Top News

Lessons to learn from Maya Angelou documentary coming to Halifax Black Film Festival

A photo from the Maya Angelou documentary screening in Halifax this Saturday
A photo from the Maya Angelou documentary screening in Halifax this Saturday

Many think of Maya Angelou as a legendary poet and writer, but a documentary exploring her early life on the stage, and connections to civil-rights figures like Malcolm X and Martin Luther King Jr., comes to Halifax this weekend.

The inaugural Halifax Black Film Festival (HBFF) will feature the Nova Scotia premiere of Maya Angelou And Still I Rise at the Spatz Theatre this Saturday evening at 7 p.m., as the third sister festival to Montreal International Black Film Festival, and the Toronto Black Film Festival.

“This is not just another film festival. This is the necessary festival in Halifax, this is really important, this is really essential … because it gives a voice and a platform to people who otherwise wouldn’t have been seen or heard,” Fabienne Colas, founder and president of the HBFF said in an interview.

“It gives the audience the opportunity to see unique films that will not come out in theatres afterward.”

Colas, who also founded the Montreal and Toronto events, said she was excited to bring co-director Rita Coburn Whack to the Halifax screening for a Q&A after the film.

Whack said there's a lot to take away from Angelou’s life and passion for fighting prejudice.

“If people become active and … grow in their own communities and their own households, white, black whatever with regard to what prejudice really is and how costly it is not to respect the next human being no matter who they are … I think there’s a lot of lessons there,” Whack said.

In the future Colas said she hopes the HBFF can grow into supporting local black filmmakers, host master classes, and include more local, national and international films.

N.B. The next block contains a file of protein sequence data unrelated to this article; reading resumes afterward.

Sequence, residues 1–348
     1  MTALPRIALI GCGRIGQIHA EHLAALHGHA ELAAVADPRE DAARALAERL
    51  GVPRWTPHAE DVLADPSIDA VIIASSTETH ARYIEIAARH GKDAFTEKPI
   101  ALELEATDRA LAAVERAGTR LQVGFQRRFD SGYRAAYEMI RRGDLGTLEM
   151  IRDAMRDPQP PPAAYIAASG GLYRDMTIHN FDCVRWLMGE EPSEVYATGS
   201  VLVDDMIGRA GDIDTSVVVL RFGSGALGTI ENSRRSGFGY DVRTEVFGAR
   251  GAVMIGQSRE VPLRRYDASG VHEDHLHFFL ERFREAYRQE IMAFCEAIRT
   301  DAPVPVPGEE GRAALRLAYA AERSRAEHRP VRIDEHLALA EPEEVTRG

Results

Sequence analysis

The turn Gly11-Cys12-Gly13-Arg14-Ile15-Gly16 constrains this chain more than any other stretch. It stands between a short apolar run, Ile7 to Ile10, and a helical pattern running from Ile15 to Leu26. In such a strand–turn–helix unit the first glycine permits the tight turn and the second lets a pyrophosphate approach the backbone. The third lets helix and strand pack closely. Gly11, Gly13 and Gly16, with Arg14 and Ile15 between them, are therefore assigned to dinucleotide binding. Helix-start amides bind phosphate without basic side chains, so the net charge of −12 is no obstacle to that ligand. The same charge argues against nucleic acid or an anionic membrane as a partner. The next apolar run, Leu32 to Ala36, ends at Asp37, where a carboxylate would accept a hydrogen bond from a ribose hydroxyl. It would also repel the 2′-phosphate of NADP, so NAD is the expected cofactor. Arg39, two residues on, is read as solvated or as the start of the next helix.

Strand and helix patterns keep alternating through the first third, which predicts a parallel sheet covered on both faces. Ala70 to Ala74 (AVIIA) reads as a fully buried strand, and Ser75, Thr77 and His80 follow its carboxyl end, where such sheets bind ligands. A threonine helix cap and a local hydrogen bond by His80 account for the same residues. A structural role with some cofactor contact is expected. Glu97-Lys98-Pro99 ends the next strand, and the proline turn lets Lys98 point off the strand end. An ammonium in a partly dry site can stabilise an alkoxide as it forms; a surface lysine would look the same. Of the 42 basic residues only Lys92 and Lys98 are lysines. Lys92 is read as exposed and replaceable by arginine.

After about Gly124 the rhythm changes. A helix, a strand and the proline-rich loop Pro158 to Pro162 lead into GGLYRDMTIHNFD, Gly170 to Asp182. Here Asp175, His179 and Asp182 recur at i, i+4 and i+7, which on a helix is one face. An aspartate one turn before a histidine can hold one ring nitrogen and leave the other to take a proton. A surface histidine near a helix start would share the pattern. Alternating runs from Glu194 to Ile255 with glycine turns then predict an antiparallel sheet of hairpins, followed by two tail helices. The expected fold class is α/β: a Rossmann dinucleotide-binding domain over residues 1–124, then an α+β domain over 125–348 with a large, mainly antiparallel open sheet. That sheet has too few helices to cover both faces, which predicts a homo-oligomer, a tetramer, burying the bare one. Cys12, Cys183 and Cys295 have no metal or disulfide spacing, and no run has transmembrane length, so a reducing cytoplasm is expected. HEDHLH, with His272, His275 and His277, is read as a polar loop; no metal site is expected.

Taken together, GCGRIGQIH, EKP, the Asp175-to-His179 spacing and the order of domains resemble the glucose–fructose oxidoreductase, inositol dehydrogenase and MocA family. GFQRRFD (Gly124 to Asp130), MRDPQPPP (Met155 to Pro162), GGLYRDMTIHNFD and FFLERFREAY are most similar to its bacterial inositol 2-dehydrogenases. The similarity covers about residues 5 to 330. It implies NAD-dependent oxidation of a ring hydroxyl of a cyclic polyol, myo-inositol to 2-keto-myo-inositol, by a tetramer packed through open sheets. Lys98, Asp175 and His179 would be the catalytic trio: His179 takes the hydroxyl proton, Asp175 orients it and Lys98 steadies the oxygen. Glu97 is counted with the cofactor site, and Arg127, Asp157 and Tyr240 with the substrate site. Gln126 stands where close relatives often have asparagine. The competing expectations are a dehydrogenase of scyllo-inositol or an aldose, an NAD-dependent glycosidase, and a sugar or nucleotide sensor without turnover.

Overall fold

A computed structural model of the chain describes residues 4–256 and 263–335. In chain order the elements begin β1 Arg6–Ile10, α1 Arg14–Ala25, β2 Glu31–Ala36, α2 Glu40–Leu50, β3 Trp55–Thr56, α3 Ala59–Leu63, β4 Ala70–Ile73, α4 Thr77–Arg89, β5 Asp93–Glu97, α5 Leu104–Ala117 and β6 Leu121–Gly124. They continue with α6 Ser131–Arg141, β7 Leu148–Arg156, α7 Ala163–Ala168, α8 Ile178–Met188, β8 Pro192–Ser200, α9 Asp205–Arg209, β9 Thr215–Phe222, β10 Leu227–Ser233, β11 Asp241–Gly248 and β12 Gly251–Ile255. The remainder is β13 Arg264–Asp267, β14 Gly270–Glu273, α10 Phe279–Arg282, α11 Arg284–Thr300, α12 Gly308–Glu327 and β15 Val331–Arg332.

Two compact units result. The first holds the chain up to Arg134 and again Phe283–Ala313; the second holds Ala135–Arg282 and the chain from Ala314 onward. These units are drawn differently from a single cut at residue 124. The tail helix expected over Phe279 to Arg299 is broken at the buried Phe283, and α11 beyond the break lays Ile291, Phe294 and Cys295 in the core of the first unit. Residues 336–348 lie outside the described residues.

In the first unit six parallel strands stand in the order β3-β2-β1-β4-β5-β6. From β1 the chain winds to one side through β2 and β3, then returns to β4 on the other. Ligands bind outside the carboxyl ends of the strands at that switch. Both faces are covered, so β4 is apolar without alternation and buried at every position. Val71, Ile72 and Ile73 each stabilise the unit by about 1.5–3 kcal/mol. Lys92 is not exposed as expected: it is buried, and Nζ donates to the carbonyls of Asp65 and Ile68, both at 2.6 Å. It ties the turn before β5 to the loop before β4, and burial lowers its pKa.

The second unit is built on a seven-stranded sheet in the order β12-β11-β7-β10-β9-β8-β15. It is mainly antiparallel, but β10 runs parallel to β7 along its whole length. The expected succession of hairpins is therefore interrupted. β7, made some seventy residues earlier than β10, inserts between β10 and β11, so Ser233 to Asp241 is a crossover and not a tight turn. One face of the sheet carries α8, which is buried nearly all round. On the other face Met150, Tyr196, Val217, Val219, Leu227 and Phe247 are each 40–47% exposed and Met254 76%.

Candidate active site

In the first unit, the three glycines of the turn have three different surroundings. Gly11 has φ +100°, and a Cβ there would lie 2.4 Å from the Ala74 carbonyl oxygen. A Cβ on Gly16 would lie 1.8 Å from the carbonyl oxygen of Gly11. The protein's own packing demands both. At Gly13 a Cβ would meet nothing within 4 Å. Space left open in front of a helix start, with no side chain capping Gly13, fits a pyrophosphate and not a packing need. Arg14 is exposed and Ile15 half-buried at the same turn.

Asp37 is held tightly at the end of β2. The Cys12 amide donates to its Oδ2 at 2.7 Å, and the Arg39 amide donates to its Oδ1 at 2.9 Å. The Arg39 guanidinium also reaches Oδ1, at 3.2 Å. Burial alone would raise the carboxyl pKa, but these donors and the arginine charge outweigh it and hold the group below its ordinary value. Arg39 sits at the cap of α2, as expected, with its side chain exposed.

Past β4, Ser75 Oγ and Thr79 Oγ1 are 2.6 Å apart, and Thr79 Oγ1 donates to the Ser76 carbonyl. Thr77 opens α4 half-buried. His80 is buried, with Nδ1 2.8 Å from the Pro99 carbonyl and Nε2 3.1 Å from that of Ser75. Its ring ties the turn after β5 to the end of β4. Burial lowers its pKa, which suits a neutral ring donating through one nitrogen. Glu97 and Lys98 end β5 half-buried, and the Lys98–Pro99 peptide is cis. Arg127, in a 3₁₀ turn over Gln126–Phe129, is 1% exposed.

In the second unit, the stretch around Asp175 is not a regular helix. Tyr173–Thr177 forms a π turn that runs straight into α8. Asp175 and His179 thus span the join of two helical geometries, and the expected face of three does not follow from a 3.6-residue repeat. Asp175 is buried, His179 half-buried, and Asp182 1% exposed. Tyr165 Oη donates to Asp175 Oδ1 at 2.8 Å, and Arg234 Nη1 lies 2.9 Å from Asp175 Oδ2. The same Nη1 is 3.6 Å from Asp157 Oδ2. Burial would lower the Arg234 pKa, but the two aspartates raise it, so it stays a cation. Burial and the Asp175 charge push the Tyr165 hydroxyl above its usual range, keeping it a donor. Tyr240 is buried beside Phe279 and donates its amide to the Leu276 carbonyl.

Tickets are $20 in advance, $25 at the door, and found online at halifaxblackfilm.com.

The inaugural Halifax Black Film Festival (HBFF) will feature the Nova Scotia premiere of Maya Angelou And Still I Rise at the Spatz Theatre this Saturday evening at 7 p.m., as the third sister festival to Montreal International Black Film Festival, and the Toronto Black Film Festival.

“This is not just another film festival. This is the necessary festival in Halifax, this is really important, this is really essential … because it gives a voice and a platform to people who otherwise wouldn’t have been seen or heard,” Fabienne Colas, founder and president of the HBFF said in an interview.

“It gives the audience the opportunity to see unique films that will not come out in theatres afterward.”

Colas, who also founded the Montreal and Toronto events, said she was excited to bring co-director Rita Coburn Whack to the Halifax screening for a Q&A after the film.

Whack said there's a lot to take away from Angelou’s life and passion for fighting prejudice.

“If people become active and … grow in their own communities and their own households, white, black whatever with regard to what prejudice really is and how costly it is not to respect the next human being no matter who they are … I think there’s a lot of lessons there,” Whack said.

In the future Colas said she hopes the HBFF can grow into supporting local black filmmakers, host master classes, and include more local, national and international films.

Tickets are $20 in advance, $25 at the door, and found online at halifaxblackfilm.com.

Latest News